Saturday, October 1, 2022

Profitability for Guyana, Exxon is affected when production is lowered, company making ‘genuine efforts’ to address flaring – Bharrat

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Guyana’s Natural Resources Minister, Vickram Bharrat says he is convinced that ExxonMobil is desirous of being a good environmental steward and that the company is making “genuine efforts” to address challenges it has been facing with the gas compressor system on the Liza Destiny FPSO.

Bharrat told OilNOW during a recent interview that the issues with the gas compressor have not only been a matter of concern to the government but ExxonMobil too.

“When production has to be lowered when these technical issues arise it affects both parties’ profitability, but we got the commitment from them that they want this matter resolved,” he said. “Neither side wants flaring to be above pilot levels.”

He pointed out that President of ExxonMobil Guyana, Alistair Routledge, has been in constant communication with President, Irfaan Ali; Vice President, Dr. Bharrat Jagdeo; and himself on resolving the gas compressor woes. Mr. Bharrat said the meetings have been on a month-to-month basis.

“Up to a few weeks ago I spoke with Alistair, and I am convinced they are trying their utmost to be good environmental stewards. But we need to understand that this problem is more than the eyes could see,” expressed Bharrat.

He further noted that Routledge has given the government assurances that several experts would be going to Germany very soon to study the data gathered on the compressor.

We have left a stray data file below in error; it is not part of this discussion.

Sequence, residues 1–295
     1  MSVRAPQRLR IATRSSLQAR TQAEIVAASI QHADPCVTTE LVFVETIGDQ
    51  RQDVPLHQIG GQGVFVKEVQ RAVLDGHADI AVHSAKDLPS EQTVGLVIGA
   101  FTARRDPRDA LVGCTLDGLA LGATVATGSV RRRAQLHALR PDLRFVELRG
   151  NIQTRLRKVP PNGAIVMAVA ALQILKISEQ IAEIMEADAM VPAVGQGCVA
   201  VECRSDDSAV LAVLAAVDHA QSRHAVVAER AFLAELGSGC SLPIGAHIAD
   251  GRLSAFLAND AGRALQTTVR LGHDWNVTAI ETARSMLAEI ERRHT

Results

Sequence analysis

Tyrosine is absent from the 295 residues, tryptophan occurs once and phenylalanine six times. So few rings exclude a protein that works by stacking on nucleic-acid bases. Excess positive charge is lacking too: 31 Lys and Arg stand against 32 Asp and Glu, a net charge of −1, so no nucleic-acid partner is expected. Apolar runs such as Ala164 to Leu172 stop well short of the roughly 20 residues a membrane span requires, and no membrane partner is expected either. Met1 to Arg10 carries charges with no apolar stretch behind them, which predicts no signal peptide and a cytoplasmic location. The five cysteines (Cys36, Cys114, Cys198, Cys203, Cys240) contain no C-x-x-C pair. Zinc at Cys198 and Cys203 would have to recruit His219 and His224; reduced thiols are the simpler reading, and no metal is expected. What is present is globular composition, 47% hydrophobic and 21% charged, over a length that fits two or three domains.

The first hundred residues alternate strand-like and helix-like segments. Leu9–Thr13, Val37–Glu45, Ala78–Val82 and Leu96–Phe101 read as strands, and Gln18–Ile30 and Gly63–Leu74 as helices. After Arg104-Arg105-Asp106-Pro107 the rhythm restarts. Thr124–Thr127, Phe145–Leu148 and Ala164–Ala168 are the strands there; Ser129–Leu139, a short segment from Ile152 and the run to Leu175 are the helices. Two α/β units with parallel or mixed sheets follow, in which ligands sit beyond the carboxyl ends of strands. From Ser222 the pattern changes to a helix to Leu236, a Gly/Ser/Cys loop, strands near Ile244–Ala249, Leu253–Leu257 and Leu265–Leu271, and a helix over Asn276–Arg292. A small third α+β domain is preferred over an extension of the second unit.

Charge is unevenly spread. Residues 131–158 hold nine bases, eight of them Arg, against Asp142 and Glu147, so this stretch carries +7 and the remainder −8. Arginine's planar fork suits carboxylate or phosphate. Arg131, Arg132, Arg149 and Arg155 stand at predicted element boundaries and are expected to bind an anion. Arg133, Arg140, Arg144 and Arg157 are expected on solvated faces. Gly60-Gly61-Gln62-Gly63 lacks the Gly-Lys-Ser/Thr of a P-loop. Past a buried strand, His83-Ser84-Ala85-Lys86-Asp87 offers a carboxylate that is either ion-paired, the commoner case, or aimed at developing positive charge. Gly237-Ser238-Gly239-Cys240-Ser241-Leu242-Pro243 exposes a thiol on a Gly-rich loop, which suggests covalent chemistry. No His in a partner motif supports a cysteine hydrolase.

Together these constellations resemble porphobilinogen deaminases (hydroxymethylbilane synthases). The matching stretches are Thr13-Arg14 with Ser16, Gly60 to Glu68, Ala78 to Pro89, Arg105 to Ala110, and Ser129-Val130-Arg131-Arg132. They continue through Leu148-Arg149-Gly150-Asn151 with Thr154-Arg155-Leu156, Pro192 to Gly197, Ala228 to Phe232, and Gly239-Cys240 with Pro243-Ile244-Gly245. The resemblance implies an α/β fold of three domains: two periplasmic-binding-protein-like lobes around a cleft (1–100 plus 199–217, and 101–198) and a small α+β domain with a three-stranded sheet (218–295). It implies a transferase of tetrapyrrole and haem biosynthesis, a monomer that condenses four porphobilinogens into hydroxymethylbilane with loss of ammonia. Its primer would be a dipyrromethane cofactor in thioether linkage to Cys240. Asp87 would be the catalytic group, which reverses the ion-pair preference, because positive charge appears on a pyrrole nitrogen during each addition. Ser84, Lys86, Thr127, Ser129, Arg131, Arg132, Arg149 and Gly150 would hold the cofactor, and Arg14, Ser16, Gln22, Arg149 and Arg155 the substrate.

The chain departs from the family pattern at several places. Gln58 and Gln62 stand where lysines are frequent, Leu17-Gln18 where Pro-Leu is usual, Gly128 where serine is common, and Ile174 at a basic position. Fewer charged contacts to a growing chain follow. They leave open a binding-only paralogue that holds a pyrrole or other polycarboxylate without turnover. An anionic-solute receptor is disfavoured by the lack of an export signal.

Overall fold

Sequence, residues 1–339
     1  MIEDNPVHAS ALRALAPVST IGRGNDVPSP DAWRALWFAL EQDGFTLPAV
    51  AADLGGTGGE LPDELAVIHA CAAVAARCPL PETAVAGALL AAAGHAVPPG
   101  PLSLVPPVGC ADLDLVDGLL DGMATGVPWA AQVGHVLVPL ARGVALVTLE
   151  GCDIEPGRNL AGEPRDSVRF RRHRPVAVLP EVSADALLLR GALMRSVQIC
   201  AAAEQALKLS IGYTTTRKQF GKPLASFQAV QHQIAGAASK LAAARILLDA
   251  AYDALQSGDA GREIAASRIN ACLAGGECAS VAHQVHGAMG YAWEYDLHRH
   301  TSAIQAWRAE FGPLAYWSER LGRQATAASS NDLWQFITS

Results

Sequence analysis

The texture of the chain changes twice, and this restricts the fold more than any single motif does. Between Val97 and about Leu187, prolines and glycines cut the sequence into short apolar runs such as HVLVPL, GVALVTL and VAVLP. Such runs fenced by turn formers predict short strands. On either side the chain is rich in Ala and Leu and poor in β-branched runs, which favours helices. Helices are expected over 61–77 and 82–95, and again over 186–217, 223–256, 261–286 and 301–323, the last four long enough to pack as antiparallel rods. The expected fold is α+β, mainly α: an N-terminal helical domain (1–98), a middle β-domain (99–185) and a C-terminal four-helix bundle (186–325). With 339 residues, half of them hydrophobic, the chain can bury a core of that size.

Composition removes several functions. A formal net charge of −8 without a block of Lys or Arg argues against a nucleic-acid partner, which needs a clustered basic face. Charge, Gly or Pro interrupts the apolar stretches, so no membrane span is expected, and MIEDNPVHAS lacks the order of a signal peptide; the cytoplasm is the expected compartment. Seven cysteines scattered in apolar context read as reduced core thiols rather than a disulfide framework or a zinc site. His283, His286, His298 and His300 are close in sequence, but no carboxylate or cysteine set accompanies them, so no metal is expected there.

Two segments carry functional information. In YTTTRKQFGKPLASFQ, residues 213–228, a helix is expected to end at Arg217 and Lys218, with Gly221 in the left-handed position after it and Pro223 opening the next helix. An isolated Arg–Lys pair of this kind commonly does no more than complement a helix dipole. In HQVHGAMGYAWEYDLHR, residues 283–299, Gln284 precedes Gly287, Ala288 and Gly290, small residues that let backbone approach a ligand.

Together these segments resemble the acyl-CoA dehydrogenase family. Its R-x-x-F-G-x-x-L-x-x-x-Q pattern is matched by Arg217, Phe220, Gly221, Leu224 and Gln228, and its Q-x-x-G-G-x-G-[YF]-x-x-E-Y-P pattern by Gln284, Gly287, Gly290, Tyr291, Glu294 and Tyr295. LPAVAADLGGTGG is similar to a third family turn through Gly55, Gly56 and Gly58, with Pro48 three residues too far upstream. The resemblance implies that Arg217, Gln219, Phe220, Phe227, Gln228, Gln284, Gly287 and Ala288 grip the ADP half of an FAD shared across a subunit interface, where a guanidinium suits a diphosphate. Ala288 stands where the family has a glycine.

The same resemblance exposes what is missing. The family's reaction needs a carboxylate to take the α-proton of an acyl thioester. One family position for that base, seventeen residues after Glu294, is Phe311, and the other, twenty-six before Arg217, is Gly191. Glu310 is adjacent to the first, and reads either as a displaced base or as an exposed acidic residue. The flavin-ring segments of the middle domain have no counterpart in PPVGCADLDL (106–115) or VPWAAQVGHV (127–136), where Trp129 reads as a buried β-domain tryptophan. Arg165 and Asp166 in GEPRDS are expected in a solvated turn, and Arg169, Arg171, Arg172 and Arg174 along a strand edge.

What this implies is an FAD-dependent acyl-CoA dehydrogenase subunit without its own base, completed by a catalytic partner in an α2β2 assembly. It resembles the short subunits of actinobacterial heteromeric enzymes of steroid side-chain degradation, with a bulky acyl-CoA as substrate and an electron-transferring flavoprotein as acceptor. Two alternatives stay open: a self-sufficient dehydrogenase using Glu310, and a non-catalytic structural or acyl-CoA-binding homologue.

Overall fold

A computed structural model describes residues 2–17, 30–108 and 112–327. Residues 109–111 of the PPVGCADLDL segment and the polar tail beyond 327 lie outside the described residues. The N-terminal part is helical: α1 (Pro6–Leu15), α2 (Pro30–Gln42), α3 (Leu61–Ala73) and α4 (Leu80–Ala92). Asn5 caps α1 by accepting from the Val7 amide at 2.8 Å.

Even as he noted his satisfaction with ExxonMobil’s efforts, Bharrat was keen to note that the government intends to be a shrewd regulator of the sector, hence the modification that was made to the Liza Phase 1 Permit.

The revised Environmental Permit features modified terms and conditions relating to the emission reporting requirements, technical considerations for flaring, and timelines for flaring events. Additionally, the revised Permit contains an obligation on ExxonMobil Guyana to pay for the emission of Carbon Dioxide (CO2 equivalent) as a result of flaring in excess of these timelines.

That payment is made to the Environmental Protection Agency (EPA) and is calculated at the rate of US$30 per tonne of CO2e.

Thus far, the Mr. Bharrat said Guyana has made over US$1M on the excess flaring approved by the EPA. He noted that this was for the company’s first application to flare for 30 days after May 13. He said another extension for the same time period was granted. When this expires, Guyana stands to gain close to US$1M.

“But even as we are earning something for the flaring being done now, it is not something this government encourages. In fact, we don’t want to continue this for as long as possible. And let me make it clear, this is not a licence to pollute but to deter,” he stated.

When contacted this week, ExxonMobil Guyana’s Public and Government Affairs Advisor, Janelle Persaud said the company has started the final phase of testing. Persaud said an update would be provided when this is completed while adding that production at the Liza Destiny FPSO will fluctuate during this time.


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